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Let me see if I understand the philosophy underlying your argument.  It
seems to go as follows:

1. There are certain complex and difficult things that a Common Lisp
programmer must do in order to be sure that his code will be absolutely
portable across all known file systems, living and dead.

2. Some people believe that they don't care about that kind of portability.
If given a choice they will not worry about these painful and complex

3. *WE* know that this attitude is short-sighted, so we should try to
remove the temptation to cut corners.  In this case, the best way to do
that is to make sure EVERYONE has to deal with these portability issues all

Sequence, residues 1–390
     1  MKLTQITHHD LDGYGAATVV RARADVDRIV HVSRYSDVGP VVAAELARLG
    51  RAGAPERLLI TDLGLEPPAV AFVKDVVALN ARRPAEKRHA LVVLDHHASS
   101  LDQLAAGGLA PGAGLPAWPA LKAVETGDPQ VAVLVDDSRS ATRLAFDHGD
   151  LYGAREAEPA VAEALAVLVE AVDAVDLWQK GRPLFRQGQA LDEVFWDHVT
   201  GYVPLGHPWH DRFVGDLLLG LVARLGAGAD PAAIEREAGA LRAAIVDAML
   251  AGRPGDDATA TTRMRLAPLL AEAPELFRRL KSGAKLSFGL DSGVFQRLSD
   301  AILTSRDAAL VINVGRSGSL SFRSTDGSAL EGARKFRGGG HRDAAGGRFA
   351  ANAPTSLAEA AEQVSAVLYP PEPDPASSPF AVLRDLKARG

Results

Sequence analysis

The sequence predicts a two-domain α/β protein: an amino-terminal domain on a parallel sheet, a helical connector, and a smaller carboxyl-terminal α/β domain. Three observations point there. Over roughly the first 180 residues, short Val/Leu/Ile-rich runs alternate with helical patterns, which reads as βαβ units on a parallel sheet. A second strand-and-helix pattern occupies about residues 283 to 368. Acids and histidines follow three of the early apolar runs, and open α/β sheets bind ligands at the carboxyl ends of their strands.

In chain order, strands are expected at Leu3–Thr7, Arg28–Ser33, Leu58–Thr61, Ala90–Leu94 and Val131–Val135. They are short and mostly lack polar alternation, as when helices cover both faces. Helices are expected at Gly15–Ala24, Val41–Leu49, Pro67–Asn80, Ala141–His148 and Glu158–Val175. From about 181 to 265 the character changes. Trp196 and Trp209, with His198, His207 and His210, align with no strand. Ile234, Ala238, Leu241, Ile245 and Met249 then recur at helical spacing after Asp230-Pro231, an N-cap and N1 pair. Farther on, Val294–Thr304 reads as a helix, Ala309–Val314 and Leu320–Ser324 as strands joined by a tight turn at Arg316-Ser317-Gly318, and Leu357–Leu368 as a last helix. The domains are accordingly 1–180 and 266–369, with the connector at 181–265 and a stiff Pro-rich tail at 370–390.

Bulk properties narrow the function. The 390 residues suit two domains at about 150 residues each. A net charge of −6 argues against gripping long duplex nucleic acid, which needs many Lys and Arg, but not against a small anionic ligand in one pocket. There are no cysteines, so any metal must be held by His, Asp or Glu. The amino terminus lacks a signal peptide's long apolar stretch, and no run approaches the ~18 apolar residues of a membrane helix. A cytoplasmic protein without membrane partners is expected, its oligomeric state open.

the time, whether they want to or not.

4.  In the end, they'll thank us for saving them from their baser

-- or, more briefly --

Nobody ever expects the Spanish Inquisition!!!

Well, I've said my piece, and will abide by the decision of the committee.
If you and Moon can persuade some of the non-Symbolics people on the
committee that the good names should go to the portable case-bashing
versions, I'll disagree, but I can live with it.

-- Scott

P. S.  I don't agree with your "really compelling argument" about natural
language.  I don't think that an all-upcase sentence is any more
syntactically correct than an all-lower-case one.  But that's not
important, since your arguments about upper-case being the default
elsehwere in the language is a pretty good one.